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Sales Tax Promises

Scott Sexton at the Winston-Salem Journal raises an important concern about county sales tax promises. Forsyth County commissioners say revenue from a proposed quarter-cent sales tax increase will go to teachers, but

under a strange (and correctable) quirk in state law that pertains to such things, county officials can’t commit explicitly to spending the dough on teacher pay.
All they can do is pinky swear that’s the path they’d take, cross their hearts and hope to get re-elected.

Mecklenburg County voters are asking similar questions about a proposed “arts tax” on the ballot in November. Even the Charlotte Observer’s editorial board acknowledges there are two critical questions

One is informational — the language on the ballot, which is dictated by state statute — tells voters only that they would be approving a sales tax increase. The other obstacle is trust — commissioners aren’t bound to spend the money in the agreed-upon distribution, and voters have a right to be wary of county officials who not long ago wanted to move a new soccer stadium ahead of other unfunded parks projects.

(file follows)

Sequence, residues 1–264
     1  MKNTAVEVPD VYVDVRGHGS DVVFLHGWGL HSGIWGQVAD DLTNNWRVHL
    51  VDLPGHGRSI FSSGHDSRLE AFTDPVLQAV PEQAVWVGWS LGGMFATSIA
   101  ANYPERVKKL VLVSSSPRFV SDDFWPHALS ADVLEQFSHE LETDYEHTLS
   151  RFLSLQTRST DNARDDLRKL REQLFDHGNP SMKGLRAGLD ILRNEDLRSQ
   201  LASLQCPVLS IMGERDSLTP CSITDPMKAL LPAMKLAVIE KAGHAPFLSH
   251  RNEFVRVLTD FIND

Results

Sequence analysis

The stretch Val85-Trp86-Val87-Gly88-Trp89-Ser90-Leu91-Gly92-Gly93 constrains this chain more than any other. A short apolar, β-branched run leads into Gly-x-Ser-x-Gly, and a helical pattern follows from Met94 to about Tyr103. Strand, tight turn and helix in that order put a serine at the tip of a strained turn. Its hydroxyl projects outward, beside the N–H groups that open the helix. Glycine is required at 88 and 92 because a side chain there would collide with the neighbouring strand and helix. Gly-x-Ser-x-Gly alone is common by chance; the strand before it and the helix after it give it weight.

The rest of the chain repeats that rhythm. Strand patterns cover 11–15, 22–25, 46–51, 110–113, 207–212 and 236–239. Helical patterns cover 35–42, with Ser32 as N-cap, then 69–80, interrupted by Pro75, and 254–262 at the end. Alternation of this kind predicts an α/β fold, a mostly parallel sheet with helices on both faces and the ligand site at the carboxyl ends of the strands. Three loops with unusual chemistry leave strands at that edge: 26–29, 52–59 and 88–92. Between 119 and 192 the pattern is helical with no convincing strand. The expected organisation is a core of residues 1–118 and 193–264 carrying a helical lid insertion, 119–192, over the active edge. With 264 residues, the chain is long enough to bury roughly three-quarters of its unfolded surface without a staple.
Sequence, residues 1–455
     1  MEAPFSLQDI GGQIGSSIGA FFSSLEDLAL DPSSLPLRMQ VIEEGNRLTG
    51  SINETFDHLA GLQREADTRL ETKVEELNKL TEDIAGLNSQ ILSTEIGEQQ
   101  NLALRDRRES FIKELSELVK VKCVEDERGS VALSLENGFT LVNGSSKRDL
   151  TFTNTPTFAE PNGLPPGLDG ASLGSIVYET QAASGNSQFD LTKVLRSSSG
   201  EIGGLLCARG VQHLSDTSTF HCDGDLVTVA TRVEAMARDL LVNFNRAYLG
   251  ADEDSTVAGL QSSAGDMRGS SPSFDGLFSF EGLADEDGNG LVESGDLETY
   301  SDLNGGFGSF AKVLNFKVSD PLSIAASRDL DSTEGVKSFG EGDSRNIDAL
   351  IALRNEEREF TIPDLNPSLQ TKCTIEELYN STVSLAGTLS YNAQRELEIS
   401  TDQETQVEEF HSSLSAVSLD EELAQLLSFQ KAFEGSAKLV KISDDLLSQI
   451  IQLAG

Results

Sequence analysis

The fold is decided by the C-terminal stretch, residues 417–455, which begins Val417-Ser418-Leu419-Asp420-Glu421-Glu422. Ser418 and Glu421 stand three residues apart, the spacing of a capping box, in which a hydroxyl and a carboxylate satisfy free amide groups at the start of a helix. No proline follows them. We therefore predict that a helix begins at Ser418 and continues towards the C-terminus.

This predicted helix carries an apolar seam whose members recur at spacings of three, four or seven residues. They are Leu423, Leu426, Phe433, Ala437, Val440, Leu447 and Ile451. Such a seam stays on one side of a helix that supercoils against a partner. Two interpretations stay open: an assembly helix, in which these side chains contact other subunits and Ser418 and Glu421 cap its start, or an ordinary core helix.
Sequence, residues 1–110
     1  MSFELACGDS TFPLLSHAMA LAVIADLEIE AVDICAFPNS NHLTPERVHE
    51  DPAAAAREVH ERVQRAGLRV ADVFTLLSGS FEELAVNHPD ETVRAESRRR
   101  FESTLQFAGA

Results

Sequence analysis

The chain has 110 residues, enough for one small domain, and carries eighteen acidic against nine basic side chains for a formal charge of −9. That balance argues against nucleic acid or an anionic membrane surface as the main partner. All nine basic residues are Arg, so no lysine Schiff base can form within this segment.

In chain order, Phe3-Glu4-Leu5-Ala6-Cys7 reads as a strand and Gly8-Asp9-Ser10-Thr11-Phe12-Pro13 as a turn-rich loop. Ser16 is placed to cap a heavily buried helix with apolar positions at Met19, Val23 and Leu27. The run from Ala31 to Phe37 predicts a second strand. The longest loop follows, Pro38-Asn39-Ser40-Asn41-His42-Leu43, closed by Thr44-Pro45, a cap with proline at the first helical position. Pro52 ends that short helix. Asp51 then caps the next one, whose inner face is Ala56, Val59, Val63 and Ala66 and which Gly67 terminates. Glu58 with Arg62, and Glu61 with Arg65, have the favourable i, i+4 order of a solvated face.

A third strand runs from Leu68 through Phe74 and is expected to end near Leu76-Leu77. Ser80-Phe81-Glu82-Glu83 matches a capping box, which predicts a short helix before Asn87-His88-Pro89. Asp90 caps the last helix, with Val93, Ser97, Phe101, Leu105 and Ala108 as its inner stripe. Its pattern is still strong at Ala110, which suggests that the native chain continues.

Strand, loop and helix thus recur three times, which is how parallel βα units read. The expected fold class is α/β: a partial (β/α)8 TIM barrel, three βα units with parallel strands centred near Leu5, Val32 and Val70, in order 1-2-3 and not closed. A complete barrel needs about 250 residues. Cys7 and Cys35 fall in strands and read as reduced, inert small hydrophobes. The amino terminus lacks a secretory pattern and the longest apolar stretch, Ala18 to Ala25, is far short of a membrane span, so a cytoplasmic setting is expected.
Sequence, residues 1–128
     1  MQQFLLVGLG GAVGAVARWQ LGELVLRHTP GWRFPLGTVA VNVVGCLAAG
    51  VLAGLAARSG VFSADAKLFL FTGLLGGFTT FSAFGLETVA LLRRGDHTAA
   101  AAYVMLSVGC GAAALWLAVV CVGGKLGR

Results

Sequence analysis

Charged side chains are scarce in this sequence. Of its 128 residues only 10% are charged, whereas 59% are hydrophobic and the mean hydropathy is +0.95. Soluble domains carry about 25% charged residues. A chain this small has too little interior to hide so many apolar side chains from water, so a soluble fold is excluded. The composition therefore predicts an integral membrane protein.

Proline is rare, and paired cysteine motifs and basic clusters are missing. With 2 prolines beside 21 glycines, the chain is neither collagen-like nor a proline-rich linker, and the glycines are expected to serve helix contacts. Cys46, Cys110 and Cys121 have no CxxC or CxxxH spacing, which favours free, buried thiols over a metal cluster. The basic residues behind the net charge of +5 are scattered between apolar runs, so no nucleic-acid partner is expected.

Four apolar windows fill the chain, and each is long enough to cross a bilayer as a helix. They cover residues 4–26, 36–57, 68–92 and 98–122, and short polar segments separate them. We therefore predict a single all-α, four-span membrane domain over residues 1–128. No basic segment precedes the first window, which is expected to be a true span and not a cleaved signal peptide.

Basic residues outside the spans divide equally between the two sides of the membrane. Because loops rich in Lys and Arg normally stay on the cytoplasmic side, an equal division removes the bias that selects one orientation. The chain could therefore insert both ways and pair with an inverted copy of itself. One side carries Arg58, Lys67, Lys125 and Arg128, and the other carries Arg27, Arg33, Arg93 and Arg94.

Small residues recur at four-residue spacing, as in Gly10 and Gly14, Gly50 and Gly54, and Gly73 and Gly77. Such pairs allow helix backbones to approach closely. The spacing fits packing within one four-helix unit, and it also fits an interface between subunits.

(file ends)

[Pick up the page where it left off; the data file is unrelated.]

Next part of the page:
There is precedent from other counties that county commissioners often find sales tax money too tempting.  No matter how specific the promises, voters need information about how the money is being used to hold commissioners accountable. Buncombe County’s abuse of its sales tax approved in 2011 did not come to light until 2018, by which time county commissioners had diverted $15 million from Asheville-Buncombe Technical Community College to the county operating budget.

Erik Spanberg in the Charlotte Business Journal notes that the Arts & Science Council will effectively become a government agency regardless what voters decide on the tax.

As the referendum approaches, commissioners are making changes to the grant-making arts umbrella group. In September, they agreed on a framework to revamp the ASC by installing members of City Council and the commissioners board as part of the ASC board. The political bodies would also appoint ASC board members and implement increased public reporting.

 

Joseph Coletti / Senior Fellow

Joe Coletti is a senior fellow at the John Locke Foundation focused on fiscal policy issues. He previously headed the North Carolina Government Efficiency and Reform initiativ...

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